22. 22. Types of fidelity  Communication simulation  Communication user interface 23
  23. 23. 24 Communication Simulation
  24. 24. And now for a military example… 25
  25. 25. Basic Intercom 26
  26. 26. Intercom and Individual Radios 27
  27. 27. Geolocated Individual Radios 28
  28. 28. Geolocated Vehicle & Individual Radios 29
  29. 29. Highest Fidelity 30
  30. 30. Team building examples:  Compound & IMTS  „Intercom‟ only for all players  Grafenwoehr First-Responders  Simulated radios & Earshot 31
  31. 31. 32 Communication User Interface
  32. 32. “Quite simply, communications should be as seamless as all other aspects of [the serious game]. Communications should be internal to [the game] with seams between vendor production transparent to the user.”1 Major Benjamin Brown, MOVES Institute, Naval Postgraduate School 33 1Brown, 2010
  33. 33. Depends on fidelity  Players shout over their monitors  In-game text-chat  Simple press-to-talk key for voice  Or communication „items‟ are playable objects  Intelligent agents? 34
  34. 34. User Interface  Heads up display  Simple and intuitive  Flashing icon over avatar heads  Avatars‟ mouths move  Not realistic – does it break flow?  In-game objects  e.g. walk-up to a virtual computer and interact with it  Higher realism – but does it impede training? 35
  35. 35. Regardless of design decision  Quality of the audio is paramount  Dropped or garbled audio is not acceptable  Scalability can really be an issue  Latency also matters 36
  36. 36. Audio Latency • End-to-end Latency – Time for audio to travel from one user to another • Effected by many factors – Network link – Packetization delay – Operating system delay – Hardware device delay • Maximum 150ms one-way latency1 • Latency <100 ideal 37 1ITU-T G.114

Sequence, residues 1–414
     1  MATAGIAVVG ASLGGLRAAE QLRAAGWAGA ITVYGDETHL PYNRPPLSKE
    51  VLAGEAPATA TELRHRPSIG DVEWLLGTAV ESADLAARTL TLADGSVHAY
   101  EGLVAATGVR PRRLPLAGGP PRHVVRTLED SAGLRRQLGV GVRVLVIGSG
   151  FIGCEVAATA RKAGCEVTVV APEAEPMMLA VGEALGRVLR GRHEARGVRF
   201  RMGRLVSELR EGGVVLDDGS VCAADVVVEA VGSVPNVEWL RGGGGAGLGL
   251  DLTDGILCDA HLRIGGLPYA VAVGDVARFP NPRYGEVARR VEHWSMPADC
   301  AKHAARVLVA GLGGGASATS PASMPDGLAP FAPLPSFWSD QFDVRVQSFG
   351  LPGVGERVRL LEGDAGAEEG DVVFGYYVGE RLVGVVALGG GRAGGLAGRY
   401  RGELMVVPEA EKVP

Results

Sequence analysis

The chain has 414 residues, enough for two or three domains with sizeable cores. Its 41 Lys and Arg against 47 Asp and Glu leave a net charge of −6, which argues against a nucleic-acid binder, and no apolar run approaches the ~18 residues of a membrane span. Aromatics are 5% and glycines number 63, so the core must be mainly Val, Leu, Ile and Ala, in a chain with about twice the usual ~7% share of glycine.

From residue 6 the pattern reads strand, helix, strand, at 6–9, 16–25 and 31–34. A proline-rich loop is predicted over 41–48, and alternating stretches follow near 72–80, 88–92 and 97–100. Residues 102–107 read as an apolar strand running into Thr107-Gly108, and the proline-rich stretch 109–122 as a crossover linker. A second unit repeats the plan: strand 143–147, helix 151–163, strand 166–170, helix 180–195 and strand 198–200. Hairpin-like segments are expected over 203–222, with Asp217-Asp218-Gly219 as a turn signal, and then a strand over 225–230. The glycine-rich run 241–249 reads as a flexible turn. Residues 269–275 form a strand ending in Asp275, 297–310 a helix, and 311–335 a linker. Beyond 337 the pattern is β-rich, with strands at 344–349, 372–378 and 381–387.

37. 37. 38 After Action Review
  38. 38. After Action Review • “Both simulation groups commented extensively on the AAR tool. Both groups believed the AAR tool was critical in providing a big picture view of what happened during the exercise.” 1 39 1Brown, 2010
  39. 39. After Action Review • Communication playback synced with visuals • Seek, Pause, FF, RW, Bookmarks • Export audio/visual for later analysis and study • BIG data? 40
  40. 40. 41 Final Thoughts
  41. 41. A Common Myth  High fidelity means hard to use  (and expensive?) However:  Does require insight into operational environment 42
  42. 42. Summary  Communication is critical for teamwork  Serious games require high-fidelity and high-quality communication for effective team-based training  Repetition is important, but so is analysis 43
  43. 43. Resources  Brown, B., (2010) A Training Transfer Study of Simulation Games  Carpenter, R., White, C., (2005) Commercial Computer Games in the Australian Department of Defense  Corti, K. (2006) Games-based Learning; a serious business application.  Derryberry, A. (2007) Serious Games: online games for learning  Diller, D., Roberts, B., Blankenship, S., Nielsen, D. (2004) DARWARS Ambush! Authoring Lessons Learned in a Training Game  Hussain, T., etal (2010) Development of game-based training systems: Lessons learned in an inter-disciplinary field in the making  Hussain T. & Ferguson, W. (2005) Efficient Development of Large-Scale Military Training Environments using a Multi-Player Game  McGowan, C., Pecheux, B. (2007) Serious Games that Improve Performance  Michael, D., & Chen, S. (2006) Serious games: Games that educate, train and inform  Sims E., Salas E., Burke S. (2004) Is There a „Big Five‟ in Teamwork  Snider, M., Carley K., Moon, I. (2005) Detailed Comparison of America‟s Army and Unit of Action Experiments  Squire, K. & Jenkins, H. (2003) Harnessing the power of games in education 44
  44. 44. Thank You! Ross Kukulinski @rosskukulinski ross.kukulinski@asti-usa.com 45